Prolonged computer use can take us beyond vision-related complaints and into symptoms such as chronic headaches, neck and shoulder pain, and low back pain, some of which stems from an improper viewing distance from the eye to a computer screen.

Any computing device can cause computer vision syndrome, and not just personal computers, laptops, or tablets — the devices with larger screens. Smartphones are culprits, too.

In addition, the condition impacts people across a range of age groups if they spend enough time in front of computer screens (including video games), but the over-40 population is more impacted because they are already experiencing presbyopia, the gradual loss of focusing power in the eyes.

Not surprisingly, research has found that people who wear eyeglasses and contact lenses are particularly susceptible. Here then are seven coping mechanisms to mitigate the impacts of this vision villain.

#1: Follow the 20-20-20 rule

Aging professionals might never again have 20-20 vision, but by following the 20-20-20 rule they can alleviate the symptoms. The rule, which ophthalmologists embrace, is very simple: every 20 minutes take a 20-second break and look at something 20 feet away. The rule can be obeyed by scheduling prompts in your calendaring system.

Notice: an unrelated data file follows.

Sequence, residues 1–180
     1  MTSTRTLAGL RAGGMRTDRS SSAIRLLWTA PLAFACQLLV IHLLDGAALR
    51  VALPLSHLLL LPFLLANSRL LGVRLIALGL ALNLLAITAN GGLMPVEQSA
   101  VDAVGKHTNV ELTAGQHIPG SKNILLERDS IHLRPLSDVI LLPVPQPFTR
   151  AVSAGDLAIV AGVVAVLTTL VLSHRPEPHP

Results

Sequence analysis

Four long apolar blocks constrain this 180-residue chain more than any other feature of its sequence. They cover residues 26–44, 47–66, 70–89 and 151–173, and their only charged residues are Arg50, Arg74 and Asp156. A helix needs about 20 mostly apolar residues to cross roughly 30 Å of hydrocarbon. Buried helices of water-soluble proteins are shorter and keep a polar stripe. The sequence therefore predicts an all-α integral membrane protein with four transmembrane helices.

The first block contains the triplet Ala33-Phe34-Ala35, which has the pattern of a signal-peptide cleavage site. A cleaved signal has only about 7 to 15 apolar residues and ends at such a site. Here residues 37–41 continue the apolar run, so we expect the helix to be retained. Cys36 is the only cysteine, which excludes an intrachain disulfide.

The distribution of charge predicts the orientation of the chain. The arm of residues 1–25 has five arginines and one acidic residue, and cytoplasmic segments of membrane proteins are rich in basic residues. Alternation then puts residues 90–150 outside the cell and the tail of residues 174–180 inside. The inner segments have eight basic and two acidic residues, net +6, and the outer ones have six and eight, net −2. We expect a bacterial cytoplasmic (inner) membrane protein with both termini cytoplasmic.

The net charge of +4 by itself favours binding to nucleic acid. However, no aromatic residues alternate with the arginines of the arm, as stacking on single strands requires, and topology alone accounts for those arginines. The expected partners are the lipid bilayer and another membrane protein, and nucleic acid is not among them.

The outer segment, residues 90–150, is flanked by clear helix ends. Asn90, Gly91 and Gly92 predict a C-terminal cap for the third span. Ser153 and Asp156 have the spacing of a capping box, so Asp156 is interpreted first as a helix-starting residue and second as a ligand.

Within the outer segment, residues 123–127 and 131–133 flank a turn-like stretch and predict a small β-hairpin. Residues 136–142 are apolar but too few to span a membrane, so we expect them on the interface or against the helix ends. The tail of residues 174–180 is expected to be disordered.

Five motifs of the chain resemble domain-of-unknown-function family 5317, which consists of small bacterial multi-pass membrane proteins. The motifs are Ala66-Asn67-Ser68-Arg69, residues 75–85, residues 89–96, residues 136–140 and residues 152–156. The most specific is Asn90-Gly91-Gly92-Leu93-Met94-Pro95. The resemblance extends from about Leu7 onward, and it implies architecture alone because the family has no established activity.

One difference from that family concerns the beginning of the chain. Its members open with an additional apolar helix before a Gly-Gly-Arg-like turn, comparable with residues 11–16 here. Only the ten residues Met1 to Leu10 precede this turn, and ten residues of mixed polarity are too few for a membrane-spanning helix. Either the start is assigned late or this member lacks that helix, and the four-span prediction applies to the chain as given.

“I usually tell patients to look out a window every 15 or 20 minutes,” Shapiro says.

#2 Tear up now and then

We don’t mean have a good cry, we mean use artificial tear products. If you have dry eyes, ophthalmologists recommend keeping your eyes moist with artificial tears, which can be purchased over the counter. Unlike commercial eye drops, artificial tear brands like Refresh, Sustain, and Tears Natural do not contain chemicals that when overused can cause irritation.

Walker encourages many of her contact lens and spectacle wearers to have a bottle of artificial tears on their desk. After a couple of hours, they should sit back in their chair and lubricate their eyes with it. “Then close your eyes for a whole minute, let it really absorb into your tissue, and don’t just start up again,” she advises. “I encourage my patients to do this several times a day.”

Harkins’ take is a bit different. “The artificial tears thing is sort of a tough one because they can be really helpful if you know that your problem is that your eyes are drying out because you’re staring at the computer,” he states. “To replenish that moisture is of course an excellent thing, no different than drinking water after you go for a run.”

The tough part, he adds, is when someone is dumping commercial drops in their eyes 15 or 20 times a day. If used too often, the preservatives that keep these drops in good condition also are known to be irritating to the eye’s surface. He tells patients not to use the regular eye drops more than four times a day. “For my patients who need to use them more often than that, we have them use preservative-free artificial tears that come in individual vials,” he notes. “Those can be really helpful.”

(Continued)